John Constantine sketch by tydesign

Sketch Challenge No. 12

Artist’s Notes

Hello fellow comic fans! John Constantine has arrived … at least my sketch of him has. Like John, himself, my post took its own sweet time making it in front of your anxious eyes. Don’t fret, however, we the founders of Sketch Fury are a committed bunch and we promise not to go too long sans post. I could launch into a multitude of reasons on its tardiness, but who wants to read that?

So without further delays let me tell you when I first encountered John. It was way back in the 1990s! Superhero comic books ruled the day with their fancy variant chromium covers, slick die cuts and seductive crossover events. In the darker areas of the comic rack came John, hands afire, steely eyes, and a snarl that suggested he was no hero.

That was Hellblazer, a comic book series from DC’s Vertigo line that delivered what superhero comics couldn’t — the dirtier world bordering on the abyss. Back then the hero books had sales numbers to maintain, while Hellblazer and its Vertigo brethren explored rich, complex, and satisfying stories. Who were these master storytellers that pulled me away from mainline comics? You’ve heard of them: Garth Ennis, Neil Giaman, Grant Morrison, and Alan Moore to name a few. But as you all know, it’s the cover art that compels you to flip through. For Hellblazer, it was the work of Glen Fabry that drew me in and made me a believer. It left an unmistakeable imprint on me.

So a tip of the hat and a devilish wink to DC’s Vertigo storytellers. My Constantine sketch is in your honor.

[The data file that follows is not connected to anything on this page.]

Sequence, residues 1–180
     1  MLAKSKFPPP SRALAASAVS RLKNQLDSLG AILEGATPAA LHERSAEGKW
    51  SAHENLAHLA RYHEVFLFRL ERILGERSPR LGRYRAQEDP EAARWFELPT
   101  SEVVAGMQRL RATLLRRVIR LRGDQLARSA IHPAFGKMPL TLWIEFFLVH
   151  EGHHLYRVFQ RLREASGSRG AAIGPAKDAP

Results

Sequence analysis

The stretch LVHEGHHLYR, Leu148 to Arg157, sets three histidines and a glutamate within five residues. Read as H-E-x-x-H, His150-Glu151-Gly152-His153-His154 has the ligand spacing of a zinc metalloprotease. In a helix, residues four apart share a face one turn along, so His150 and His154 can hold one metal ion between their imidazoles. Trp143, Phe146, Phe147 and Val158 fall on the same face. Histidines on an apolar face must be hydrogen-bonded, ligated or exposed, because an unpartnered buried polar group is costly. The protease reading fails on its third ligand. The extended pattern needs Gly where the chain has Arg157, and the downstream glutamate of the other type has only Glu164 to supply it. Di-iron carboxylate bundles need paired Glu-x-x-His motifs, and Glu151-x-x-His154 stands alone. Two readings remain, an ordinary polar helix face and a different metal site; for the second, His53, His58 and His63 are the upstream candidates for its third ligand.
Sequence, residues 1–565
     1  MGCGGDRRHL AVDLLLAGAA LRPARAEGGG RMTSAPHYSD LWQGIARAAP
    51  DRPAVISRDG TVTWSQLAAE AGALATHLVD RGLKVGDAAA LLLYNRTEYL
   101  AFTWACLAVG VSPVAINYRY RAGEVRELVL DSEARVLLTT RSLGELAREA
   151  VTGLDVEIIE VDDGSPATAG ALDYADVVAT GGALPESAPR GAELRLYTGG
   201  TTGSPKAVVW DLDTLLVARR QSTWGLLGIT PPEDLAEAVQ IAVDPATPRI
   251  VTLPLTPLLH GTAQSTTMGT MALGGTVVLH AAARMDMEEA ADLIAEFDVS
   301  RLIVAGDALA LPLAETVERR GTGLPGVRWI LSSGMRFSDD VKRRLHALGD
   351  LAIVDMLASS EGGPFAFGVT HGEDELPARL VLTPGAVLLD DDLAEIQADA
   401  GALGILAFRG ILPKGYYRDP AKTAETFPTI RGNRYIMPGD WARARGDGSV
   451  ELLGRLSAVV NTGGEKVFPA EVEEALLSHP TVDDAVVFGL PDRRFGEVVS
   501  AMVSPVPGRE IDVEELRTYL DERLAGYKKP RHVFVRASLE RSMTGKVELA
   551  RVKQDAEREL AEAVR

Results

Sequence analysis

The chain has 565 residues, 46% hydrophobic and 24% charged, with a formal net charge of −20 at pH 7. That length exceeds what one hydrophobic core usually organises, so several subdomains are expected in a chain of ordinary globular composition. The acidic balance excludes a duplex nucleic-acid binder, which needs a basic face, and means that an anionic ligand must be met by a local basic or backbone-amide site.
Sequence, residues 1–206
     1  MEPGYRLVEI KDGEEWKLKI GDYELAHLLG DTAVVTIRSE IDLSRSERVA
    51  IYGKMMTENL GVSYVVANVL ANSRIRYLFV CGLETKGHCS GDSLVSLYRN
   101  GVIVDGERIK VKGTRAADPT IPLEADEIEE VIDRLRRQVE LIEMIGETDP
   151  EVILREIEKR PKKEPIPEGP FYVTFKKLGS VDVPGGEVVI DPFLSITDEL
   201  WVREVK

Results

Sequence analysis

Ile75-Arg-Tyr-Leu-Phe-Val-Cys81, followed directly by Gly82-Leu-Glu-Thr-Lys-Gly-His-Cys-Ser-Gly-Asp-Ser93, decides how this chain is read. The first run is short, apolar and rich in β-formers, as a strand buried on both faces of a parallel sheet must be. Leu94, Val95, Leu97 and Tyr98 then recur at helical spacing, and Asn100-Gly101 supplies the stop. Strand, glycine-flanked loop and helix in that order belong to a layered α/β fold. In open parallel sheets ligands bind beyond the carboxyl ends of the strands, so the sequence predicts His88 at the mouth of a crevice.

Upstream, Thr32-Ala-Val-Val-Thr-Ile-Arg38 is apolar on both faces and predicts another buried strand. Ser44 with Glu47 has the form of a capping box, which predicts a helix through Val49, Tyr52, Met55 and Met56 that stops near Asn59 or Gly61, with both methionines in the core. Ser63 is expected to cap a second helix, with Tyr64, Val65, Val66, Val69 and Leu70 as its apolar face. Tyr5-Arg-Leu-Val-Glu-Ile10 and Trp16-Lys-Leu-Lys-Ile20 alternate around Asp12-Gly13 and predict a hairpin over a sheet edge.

What an incredible time to be a comic nerd. Comics have now proliferated the small screen thanks to DC’s The Flash, Arrow, Constantine and Marvel’s Agents of S.H.I.E.L.D. This composition was referenced from the promo images for the show with my own added flourishes. While I appreciated the cityscape in the original image, I wanted to put more of the occult into my sketch and speak of the lost souls. My sketch of Constantine comes off looking like Willem Dafoe to me and not at series actor Matt Ryan. And I’m ok with that. He feels more sinister.


Like many of my sketches, I again started with the blue line, but unlike prior drawings I ended with it. I became so engrossed in the drawing that I couldn’t stop. There was a grit and rawness to it that warranted me stopping where I did. Part of being a good artist is knowing when your work is finished.


The hands. They aren’t the best, but somehow I’m ok with them. They feel raw and dirty. They feel sinister.


  • The composition. Even though I had a reference image, I barely referred to it. It was more inspirational and I’m quite happy with the adjustments I made, adding the darkened sky, crows and hand silhouettes. There’s a real graphic quality to it that I could see finished with inks and colors and I may just do that one day.

Sketch Tools

  • Pilot Color Eno Mechanical Pencil – 0.7 mm – Soft Blue Body – Soft Blue Lead
  • Paper Mate Tuff Stuff Eraser Stick
  • Tombow Mono Zero Eraser – 2.3 mm – Circle – Black Body
  • STAEDTLER 526 B209 Mars Rasoplast Black Edition Eraser
  • Utrecht Red Double Spiral Sketchbook, 70 lb, 80 Bright White Acid Free Sheets

Coming Weeks

  • More study on hands. I want to do more dynamic poses with them.
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